The beauty of travelling is in the discovery of new, near and faraway places, encountering cultures, traditions and mindsets different from our own. And the desire to travel can also come from reading. There are four travel books, four writers and four completely different writing styles to make you feel free to explore the world with curious eyes and from an entirely new perspective.
To quote explorer and writer Isabelle Eberhardt, “For those who know the value of and exquisite taste of solitary freedom, the act of leaving is the bravest and most beautiful of all. To be alone, to have few needs, to be unknown, everywhere a foreigner and at home, and to walk grandly and solitarily in conquest of the world”.
David Szalay, Turbulence
Twelve stories of departures and returns. Twelve characters portrayed in David Szalay’s dry and essential writing style travelling from one end of the world to the other. The twelve stories become a veritable literary “in-flight relay”, each one introduced by an air route. The aircraft is not simply the means of transport that symbolises contemporaneity. In this book, it represents the unstable and precarious condition of humankind, our fears and our aspirations.
The twelve protagonists have different experiences with the common denominator being a reflection on the impermanence of human life, that Szalay in his own words calls an “odd discontinuity” in our “presence in the world”. One of Szalay’s characters says that what she hated the most about even the mildest turbulence “was the way it ended the illusion of security, the way that it made it impossible to pretend that she was somewhere safe”. According to the writer, the aircraft is not only the mode of transport shared by the protagonists but also a metaphor for our very own fate. It is an unsafe place, one in which we cannot hide or shelter but where we can all ponder on our condition.
Luis Sepulveda, Patagonia Express
Notes from the south of the world beyond the 42nd parallel. Glimpses of places so far away that they seem unreachable. Sites where nature astounds for its beauty and specialness. In “Patagonia Express” Luis Sepùlveda writes about his Chile, that long and narrow country stretching to the end of the world, from where he was forced to escape during Pinochet’s dictatorship and to which he returned, armed with pen and paper, to criss-cross and discover it.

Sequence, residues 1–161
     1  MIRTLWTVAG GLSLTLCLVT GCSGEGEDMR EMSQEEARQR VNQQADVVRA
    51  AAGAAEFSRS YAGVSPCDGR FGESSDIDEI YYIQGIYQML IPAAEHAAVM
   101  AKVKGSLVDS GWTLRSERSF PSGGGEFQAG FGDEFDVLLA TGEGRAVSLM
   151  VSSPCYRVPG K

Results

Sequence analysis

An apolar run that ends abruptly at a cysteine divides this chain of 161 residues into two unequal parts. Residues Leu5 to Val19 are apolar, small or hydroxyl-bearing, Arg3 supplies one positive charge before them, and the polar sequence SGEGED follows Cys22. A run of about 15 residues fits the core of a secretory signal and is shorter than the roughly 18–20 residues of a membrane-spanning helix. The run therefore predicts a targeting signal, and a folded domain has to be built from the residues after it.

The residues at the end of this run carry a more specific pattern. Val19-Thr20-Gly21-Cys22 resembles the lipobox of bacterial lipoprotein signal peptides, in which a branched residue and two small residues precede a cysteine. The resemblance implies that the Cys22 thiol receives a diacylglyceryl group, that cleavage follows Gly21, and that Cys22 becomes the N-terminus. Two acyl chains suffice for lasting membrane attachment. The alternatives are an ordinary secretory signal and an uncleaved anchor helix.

In twelve chapters, Sepùlveda collects his Notes and tells the stories of one-of-a-kind people, like Carlos E Basta, a man whose life aspiration was to fly and who invented a profession for himself flying light aircraft and helicopters across the immense spaces of southern Chile to supply the estancias. Carlos E Basta is just one of the portraits that Sepùlveda sketches to take the reader to the heart of the sites he visited, to discover the land of Patagonia that besides being a legendary place has been a source of inspiration for the many travellers who set out on an adventure in the footsteps of the characters who, in one of the last sentences of the book, are “all with me and allow me to say out loud that living is a magnificent exercise”.
Bill Bryson, A Walk in the Woods
Two friends, no ageing and definitely out of shape are an unlikely pair to take on the over 3,400 kilometres of the Appalachian Trail, the epitome of long-distance treks across 14 states in the USA. American writer Bill Bryson gives us a first-person account of his journey, narrated in his customarily irreverent and humorous style. Starting from the description of the immense trail to be walked, that is completed only by a few, weird and hyperactive characters, Bryson “warns” the reader about the risks and perils of the Appalachian Trail, the funniest and most bizarre being the description of all the possible ways you can be mauled by a bear.
Bryson was accompanied in this – vain – endeavour by his friend Katz, and his words portray a typical hiker who fails in the attempt to get closer to nature. The people who hike the Appalachian Trail struggle to enjoy the natural wonders and end up tiring quickly due to the physically and climatically exhausting trek.
“A Walk in the Woods” is not just the story of an anti-heroic journey – given the two hikers abandon the walk after only 1400 kilometres to resume it in another way – but, above all, it is a sharp and profound denunciation of mass tourism, especially in America, and its impact on the environment. Reading Bryson is an alternative way to reflect on some themes but, above all, it is an invitation to rediscover the vastness of what nature offers to be preserved and loved. The film A Walk in the Woods (2015), starring Robert Redford, is based on the book.
Ryszard Kapuscinski, The Shadow of the Sun
“The Shadow of the Sun” is a portrait of the most authentic Africa described by Ryszard Kapuscinski during his years as a foreign correspondent for the Polish news agency PAP. It is one of the Polish writer’s most famous works, a book without a real plot in which he chases the stories, anecdotes and encounters he experienced personally in Africa, with a sometimes unpredictable dry and raw style.
The book begins with Kapuscinski’s first impression of Africa in Ghana. The journey winds through Tanzania and Uganda, and then on to Lake Victoria, the continent’s largest. The writer also details the great political instability, speaking about the coups in Zanzibar and Nigeria, local insurrections in other countries and the great revolution in Rwanda, with its genocide and its horrors. Kapuscinski teaches us to step away from stereotypes and look at Africa through different eyes. The result is a collage of a jagged land rich in contradictions. And it is precisely its diversity that makes it unique.